CIO Webinar: Overcoming barriers to digital adoption
Estimated reading time: 1-3 minutes
New Zealand’s leading CIOs discuss overcoming barriers to digital adoption and health system transformation based on insights from the 2021 Future Health Index.
The global pandemic has challenged almost every aspect of our lives, with fundamental shifts in everyday life now self-evident. The pandemic has acted as a digital accelerant across healthcare, much as it has across other sectors, as practitioners look to overcome unforeseen challenges to traditional workflows. An interesting outcome of COVID-19 has been the realisation that many of the long-term barriers to robust healthcare system delivery can be solved using these recently adopted technologies, as resilience begins to centre on digitising traditional touchpoints.
In under 24 months, digital touchpoints have become expected by consumers and patients, with digital transformation initiatives leading to higher interest and engagement in services. In response, decision makers across a range of industries have turned to technology to help solve problems stemming from changing demand and expectations. Healthcare has been no different. Traditional healthcare workflows operating in New Zealand have been challenged to innovate in the wake of a global pandemic. Industry-wide, we have seen the tangible impact of technology adoption in ensuring continuity of care.
We’ve already seen evidence of best practice digital adoption and engagement across the New Zealand healthcare landscape in response to COVID-19. These new developments in the sector, including the integration of existing technologies, adopting new approaches to delivering healthcare and stronger collaboration between industry leaders, have no doubt been an integral part of the country’s response to the pandemic. Despite the recent advancements, a robust plan aimed at achieving long term change is required to drive sustainable digitisation for New Zealand’s healthcare industry.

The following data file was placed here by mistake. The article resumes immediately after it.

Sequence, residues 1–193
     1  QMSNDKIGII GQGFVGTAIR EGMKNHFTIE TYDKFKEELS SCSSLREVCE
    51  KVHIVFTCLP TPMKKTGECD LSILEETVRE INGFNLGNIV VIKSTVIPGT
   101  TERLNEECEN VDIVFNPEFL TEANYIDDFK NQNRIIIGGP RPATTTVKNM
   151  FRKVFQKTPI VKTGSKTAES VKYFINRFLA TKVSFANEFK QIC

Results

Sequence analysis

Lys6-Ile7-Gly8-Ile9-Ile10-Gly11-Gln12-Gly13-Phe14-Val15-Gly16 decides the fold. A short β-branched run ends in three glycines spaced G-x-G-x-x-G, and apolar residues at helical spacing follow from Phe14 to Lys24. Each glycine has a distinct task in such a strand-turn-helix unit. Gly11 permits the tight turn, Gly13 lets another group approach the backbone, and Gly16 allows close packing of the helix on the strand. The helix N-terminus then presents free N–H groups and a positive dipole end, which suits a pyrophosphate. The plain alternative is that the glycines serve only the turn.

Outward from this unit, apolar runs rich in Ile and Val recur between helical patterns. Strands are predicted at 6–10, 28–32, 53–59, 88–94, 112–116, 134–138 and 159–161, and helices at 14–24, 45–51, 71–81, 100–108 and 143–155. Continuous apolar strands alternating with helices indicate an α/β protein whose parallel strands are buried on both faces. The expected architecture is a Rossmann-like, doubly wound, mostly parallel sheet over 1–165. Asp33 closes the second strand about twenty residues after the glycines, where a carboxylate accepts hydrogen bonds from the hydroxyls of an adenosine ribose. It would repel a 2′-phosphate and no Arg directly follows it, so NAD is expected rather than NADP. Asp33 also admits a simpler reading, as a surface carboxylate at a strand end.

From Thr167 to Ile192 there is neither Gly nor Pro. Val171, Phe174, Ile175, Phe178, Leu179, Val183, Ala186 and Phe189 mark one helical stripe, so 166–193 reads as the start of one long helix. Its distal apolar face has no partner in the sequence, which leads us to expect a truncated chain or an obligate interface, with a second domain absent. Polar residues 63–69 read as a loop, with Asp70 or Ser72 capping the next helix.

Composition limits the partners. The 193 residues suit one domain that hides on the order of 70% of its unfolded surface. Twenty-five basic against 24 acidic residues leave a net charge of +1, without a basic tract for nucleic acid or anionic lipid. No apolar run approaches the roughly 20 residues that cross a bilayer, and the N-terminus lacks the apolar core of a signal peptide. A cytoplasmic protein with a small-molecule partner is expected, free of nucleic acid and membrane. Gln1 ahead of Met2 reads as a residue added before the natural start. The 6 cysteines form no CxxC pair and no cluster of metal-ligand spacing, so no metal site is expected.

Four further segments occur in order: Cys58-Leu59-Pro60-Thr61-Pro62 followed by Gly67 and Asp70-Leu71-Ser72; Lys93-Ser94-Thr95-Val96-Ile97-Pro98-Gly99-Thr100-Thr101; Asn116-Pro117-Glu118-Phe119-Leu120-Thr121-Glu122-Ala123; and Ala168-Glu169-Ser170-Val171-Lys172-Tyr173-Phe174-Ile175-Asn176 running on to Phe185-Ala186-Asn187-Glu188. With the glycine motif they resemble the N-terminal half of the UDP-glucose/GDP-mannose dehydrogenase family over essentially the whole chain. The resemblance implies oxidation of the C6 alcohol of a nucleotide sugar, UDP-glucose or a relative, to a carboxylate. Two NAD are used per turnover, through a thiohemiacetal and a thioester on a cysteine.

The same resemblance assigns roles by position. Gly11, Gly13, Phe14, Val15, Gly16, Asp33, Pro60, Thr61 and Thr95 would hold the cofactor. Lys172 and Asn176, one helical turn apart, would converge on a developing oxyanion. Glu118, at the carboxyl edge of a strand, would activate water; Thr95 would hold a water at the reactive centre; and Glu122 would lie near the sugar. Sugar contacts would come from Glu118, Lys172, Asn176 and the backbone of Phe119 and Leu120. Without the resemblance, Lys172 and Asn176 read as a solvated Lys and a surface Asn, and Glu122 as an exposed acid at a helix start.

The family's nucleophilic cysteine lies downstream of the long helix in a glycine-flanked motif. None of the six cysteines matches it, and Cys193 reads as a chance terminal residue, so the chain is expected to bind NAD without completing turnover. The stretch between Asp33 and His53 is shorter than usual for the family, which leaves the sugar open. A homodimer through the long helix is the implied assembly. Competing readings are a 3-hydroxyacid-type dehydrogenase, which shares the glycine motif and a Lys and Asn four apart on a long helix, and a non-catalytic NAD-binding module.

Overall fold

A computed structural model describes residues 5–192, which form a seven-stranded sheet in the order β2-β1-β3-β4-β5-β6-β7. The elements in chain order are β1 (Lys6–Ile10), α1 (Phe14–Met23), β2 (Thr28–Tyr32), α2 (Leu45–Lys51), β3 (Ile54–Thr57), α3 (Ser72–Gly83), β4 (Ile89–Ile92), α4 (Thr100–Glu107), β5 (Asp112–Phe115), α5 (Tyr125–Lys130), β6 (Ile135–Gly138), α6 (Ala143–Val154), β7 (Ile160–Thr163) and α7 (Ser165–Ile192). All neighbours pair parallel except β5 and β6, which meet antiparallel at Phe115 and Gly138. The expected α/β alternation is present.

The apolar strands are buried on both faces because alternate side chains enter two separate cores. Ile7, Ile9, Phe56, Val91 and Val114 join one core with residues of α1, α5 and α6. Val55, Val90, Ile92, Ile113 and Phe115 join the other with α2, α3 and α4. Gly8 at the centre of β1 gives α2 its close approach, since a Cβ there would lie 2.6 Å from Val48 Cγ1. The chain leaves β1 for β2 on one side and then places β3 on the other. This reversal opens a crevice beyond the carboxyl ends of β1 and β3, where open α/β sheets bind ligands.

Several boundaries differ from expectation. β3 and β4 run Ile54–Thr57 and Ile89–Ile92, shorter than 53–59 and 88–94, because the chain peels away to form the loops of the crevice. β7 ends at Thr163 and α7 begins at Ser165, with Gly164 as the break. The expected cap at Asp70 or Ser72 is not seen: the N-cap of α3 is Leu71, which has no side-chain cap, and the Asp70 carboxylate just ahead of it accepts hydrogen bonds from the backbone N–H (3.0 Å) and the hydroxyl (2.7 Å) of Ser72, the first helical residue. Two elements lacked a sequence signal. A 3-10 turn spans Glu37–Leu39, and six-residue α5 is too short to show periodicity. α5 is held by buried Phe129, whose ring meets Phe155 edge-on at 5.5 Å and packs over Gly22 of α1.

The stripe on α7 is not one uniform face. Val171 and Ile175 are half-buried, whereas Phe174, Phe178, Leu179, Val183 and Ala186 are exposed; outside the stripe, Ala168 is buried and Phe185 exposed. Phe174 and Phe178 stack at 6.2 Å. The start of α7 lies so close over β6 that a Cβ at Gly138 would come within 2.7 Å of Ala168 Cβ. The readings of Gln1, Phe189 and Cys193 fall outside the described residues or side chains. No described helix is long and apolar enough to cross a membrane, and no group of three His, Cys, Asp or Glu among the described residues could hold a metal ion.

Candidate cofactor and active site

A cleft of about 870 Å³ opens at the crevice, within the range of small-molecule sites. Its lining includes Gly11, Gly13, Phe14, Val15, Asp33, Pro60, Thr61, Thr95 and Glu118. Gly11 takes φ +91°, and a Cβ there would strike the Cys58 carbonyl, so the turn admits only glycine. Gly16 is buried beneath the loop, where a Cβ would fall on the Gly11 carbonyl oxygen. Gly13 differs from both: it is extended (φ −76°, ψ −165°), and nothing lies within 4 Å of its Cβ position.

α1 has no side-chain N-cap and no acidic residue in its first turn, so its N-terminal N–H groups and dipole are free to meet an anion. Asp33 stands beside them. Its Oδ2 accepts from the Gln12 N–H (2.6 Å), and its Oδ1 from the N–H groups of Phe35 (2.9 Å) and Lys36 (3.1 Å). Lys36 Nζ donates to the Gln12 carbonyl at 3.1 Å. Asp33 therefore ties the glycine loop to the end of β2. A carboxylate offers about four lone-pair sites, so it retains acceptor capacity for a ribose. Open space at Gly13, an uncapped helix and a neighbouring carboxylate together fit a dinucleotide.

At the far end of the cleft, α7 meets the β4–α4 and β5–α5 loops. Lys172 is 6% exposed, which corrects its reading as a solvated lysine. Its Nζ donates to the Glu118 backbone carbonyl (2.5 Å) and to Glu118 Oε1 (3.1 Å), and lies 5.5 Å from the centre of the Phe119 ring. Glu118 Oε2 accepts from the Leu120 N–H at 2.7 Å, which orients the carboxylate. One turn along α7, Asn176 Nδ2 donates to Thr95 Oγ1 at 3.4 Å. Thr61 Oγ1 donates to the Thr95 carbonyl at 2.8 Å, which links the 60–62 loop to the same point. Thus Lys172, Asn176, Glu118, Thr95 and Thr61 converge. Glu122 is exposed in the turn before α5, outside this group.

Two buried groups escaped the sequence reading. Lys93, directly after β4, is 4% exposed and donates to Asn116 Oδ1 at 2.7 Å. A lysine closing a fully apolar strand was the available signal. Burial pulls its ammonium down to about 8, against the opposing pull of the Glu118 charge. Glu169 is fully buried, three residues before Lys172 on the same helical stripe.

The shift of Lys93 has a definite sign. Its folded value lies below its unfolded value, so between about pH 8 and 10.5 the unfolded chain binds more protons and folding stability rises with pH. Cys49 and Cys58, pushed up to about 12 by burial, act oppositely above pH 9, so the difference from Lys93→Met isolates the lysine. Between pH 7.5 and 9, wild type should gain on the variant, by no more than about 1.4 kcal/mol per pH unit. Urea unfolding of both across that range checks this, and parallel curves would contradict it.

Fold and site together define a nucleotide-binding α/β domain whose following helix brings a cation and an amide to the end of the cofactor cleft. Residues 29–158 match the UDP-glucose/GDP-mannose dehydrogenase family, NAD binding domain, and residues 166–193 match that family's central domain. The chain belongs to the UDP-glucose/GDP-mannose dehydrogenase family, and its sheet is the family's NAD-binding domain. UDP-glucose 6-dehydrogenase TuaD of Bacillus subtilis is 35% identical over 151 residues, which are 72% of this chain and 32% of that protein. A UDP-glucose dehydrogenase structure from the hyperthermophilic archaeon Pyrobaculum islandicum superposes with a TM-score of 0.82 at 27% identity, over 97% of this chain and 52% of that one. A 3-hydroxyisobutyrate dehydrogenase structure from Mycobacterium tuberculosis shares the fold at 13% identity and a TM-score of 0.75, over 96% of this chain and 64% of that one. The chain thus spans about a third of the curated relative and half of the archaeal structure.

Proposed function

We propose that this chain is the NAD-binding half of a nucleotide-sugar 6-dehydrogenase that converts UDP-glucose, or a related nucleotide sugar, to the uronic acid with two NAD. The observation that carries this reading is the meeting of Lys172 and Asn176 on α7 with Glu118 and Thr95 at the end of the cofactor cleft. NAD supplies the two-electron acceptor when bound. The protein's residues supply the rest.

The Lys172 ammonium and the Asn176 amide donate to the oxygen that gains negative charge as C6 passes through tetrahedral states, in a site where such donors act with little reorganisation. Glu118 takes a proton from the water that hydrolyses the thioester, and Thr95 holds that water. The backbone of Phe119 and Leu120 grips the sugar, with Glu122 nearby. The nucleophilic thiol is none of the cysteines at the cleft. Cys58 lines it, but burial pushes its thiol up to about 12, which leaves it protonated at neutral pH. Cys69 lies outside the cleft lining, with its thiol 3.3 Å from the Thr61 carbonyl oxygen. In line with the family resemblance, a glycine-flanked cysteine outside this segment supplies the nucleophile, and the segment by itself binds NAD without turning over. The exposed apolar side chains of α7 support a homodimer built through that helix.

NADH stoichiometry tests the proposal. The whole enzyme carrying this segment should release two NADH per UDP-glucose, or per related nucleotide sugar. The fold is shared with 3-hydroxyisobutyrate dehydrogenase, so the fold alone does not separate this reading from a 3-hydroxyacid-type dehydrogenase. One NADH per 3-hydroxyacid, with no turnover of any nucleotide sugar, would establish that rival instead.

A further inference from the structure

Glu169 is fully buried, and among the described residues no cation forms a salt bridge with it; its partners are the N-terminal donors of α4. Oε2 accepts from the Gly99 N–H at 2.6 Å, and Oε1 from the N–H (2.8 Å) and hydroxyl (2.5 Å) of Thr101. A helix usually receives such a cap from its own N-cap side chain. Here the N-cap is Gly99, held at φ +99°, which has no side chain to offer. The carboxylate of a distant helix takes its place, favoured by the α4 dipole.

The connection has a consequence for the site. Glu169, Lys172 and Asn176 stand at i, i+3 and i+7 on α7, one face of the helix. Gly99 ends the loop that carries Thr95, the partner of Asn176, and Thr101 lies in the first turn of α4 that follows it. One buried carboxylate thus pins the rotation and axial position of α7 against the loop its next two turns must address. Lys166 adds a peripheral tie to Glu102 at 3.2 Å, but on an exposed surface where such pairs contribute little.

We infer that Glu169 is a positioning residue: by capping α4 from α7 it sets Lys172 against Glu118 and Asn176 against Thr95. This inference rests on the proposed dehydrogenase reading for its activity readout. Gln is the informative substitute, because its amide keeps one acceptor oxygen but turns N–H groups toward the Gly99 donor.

A local perspective
New Zealand’s leading CIOs joined a roundtable, hosted by HiNZ , where they discussed barriers to the adoption of digital health solutions, as highlighted by healthcare leaders in the 2021 Philips Future Health Index Report. As part of this discussion, Stuart Bloomfield, CIO of Waitematā DHB & Counties Manukau Health, made note of the positive advancements that have taken place during the pandemic period, in particular the integration of technologies enabling greater sharing of information, currently taking place between health systems. Looking more broadly to long-term industry change, leaders want to diversify their adoption of digital solutions to align potential benefit with those most positively impacted by the innovation.
What a future national digital healthcare system in New Zealand would look like, and what these services would need to provide, in order to benefit both patients and practitioners, is not yet clear. The Digital Health Strategic Framework  outlines some of the ways technology can impact the healthcare landscape in New Zealand and empowering patients and supporting clinical staff are two of the most definitive reasons to move to new, digitally led ways of working, as highlighted by Darren Douglass, GM Digital Strategy and Investment at the Ministry of Health.
Ensuring the sector adopts relevant digital solutions has the potential to rapidly expand access to care, while equalising patient and clinician equity and building a system that responds to the needs of all parties. Telehealth services are a testament to this, increasing access to care for patients, while working to effectively minimise the pressure on hospitals and clinics. More importantly, it’s played a major role in responding to peak periods of activity, as reported by Waitemata DHB conducting 10,000 telehealth appointments in one week in August , a volume that would be unachievable using strictly traditional models.
Despite the undoubted success that has been the adoption of telehealth, it continues to represent a small pocket of success, siloed rather than a sign of broad adoption. Ensuring solutions like this can scale is imperative if there is to be a clear and cohesive digital health framework put into place by New Zealand’s industry leaders.